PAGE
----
Tuesday May 8 2007 10:15 IST
Women find laws to protect them foolhardy
Two unrelated government departments in Karnataka have come up with two ideas that fly in the face of each other. The Tourism Department has suggested that the pubs remain open till 1 a m so that Bangalore will have a vibrant night-life. The Labour Department, on the other hand, has sought to ban nightshifts for women working in the old economy sectors. The move, Labour Minister Iqbal Ansari believes, will save women from crimes. If the Minister ever believed women groups will receive his announcement with glee, quite opposite is happening. They all want the Minister to drop his idea forthwith.
The Minister’s action, evidently, arises from his concern for the safety of women in Bangalore where criminals, often, have a free rein. But his ideas, if implemented without a proper study, are likely to do more harm than any good for the cause and welfare of women. In many new economy sectors, women are preferred to men considering their skills, especially the booming hospitality sector. Interestingly, the Minister has sought to discriminate between women employed in old and new economy sectors by seeking to exempt IT and BPO workforce from the proposed ban. It is not quite clear how IT and BPO professionals enjoy greater security at night than those in manufacturing industries.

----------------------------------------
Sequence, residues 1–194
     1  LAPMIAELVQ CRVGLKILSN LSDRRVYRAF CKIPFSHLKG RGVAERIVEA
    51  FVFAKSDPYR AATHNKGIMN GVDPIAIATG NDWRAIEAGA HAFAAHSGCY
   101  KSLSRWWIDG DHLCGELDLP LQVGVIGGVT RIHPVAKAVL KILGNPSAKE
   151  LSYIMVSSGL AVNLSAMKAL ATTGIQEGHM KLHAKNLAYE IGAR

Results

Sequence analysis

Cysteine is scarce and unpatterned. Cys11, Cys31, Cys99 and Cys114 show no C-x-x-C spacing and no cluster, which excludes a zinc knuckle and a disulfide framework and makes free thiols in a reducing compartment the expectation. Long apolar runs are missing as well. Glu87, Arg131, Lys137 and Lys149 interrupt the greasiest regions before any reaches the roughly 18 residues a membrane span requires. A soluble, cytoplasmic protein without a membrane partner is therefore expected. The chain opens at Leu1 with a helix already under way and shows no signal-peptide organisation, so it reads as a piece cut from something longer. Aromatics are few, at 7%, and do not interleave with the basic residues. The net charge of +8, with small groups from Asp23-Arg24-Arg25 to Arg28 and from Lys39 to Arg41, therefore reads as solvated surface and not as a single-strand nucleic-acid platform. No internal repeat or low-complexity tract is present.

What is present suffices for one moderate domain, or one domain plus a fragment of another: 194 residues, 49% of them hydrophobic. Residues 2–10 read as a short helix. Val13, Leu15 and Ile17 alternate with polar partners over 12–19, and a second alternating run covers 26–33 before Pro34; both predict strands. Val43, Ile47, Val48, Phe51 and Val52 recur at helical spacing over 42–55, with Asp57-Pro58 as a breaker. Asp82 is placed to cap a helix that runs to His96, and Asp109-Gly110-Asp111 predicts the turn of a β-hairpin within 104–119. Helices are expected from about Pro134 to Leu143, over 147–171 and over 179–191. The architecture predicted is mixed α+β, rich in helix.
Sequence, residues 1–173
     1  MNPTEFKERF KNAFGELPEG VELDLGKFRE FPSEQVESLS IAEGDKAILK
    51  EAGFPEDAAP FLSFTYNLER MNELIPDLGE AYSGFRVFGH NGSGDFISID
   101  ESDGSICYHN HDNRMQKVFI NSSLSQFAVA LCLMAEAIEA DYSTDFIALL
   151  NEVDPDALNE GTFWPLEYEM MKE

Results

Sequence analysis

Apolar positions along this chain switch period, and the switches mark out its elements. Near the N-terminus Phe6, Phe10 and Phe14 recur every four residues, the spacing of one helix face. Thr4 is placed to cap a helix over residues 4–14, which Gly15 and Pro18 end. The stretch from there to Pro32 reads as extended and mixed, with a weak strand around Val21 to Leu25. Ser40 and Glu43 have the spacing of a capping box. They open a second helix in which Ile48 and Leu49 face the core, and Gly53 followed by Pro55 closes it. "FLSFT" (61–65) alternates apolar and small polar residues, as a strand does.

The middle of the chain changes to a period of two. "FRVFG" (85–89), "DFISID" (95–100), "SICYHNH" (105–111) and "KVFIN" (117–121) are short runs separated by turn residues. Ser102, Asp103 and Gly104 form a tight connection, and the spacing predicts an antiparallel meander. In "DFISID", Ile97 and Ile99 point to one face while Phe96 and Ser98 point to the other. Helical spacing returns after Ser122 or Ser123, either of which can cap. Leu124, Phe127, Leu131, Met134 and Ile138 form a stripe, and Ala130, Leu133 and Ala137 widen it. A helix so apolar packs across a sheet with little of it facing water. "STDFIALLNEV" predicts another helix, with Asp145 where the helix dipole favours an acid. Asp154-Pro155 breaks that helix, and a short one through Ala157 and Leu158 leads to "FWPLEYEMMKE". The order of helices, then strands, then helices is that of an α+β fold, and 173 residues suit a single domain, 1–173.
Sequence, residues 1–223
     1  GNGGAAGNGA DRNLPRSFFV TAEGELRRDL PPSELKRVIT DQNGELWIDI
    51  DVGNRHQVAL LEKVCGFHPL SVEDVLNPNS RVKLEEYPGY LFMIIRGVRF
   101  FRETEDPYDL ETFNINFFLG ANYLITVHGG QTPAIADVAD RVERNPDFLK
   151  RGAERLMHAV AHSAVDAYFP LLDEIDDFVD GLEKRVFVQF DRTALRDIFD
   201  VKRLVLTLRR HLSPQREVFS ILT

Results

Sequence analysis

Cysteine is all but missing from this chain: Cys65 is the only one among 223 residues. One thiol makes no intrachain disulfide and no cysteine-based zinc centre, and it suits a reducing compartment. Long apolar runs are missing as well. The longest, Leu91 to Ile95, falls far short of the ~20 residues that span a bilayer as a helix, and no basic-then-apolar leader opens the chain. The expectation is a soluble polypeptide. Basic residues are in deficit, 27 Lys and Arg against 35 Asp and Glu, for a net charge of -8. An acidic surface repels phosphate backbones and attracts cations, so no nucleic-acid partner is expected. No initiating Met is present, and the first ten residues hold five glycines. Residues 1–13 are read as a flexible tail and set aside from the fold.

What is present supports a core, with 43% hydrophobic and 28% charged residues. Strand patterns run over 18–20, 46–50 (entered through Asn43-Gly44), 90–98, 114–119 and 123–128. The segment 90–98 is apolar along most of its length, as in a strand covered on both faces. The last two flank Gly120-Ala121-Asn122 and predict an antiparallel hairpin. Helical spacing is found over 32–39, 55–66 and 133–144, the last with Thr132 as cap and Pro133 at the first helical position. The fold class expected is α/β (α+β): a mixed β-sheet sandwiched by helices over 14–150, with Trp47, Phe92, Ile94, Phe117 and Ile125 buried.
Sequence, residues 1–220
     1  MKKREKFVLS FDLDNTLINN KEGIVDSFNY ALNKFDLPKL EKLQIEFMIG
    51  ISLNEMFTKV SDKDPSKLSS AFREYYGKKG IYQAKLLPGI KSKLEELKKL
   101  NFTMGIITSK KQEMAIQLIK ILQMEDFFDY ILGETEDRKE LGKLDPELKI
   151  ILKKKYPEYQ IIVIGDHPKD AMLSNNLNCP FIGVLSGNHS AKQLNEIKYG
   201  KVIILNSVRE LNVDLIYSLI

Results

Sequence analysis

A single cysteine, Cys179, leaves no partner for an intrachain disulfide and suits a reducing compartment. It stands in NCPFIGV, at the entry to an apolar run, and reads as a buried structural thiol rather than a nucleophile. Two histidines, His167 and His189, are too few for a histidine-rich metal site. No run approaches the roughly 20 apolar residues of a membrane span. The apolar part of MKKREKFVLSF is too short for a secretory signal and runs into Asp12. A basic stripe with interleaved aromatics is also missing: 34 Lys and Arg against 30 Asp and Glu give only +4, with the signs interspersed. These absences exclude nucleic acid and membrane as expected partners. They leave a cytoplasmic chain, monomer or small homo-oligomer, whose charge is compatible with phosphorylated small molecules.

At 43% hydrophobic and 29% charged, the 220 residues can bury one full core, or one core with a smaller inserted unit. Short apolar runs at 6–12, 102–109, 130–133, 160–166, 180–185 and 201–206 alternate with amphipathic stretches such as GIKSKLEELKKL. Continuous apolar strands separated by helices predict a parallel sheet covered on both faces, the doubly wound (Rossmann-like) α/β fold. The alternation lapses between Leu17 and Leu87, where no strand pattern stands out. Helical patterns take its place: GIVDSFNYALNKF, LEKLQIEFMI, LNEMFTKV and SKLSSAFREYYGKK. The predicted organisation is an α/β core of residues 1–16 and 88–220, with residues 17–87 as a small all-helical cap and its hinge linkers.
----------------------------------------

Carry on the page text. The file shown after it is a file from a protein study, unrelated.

While it is yet unclear whether the Labour Department’s move will increase the safety of women, what seems certain is that it can affect sections of women who badly need jobs for a survival. These are skilled and semi-skilled women with little or no English education. They work in all shifts for a fraction of salaries that IT companies are known to pay their employees. The Minister, arguably, sounds informed when he talks about the exploitation of women in factories and shops. But that calls for not a ban on nightshifts, but strict enforcement of the working hour conditions on the licensees. If labour inspectors do their job in all sincerity, the government can produce excellent results with the existing set of laws and rules itself. A foolhardy ban will only make the poor women employed in the manufacturing sector poorer and those in the IT & BPO sectors richer by the day. That is a cure worse than the disease itself.
The New Indian Express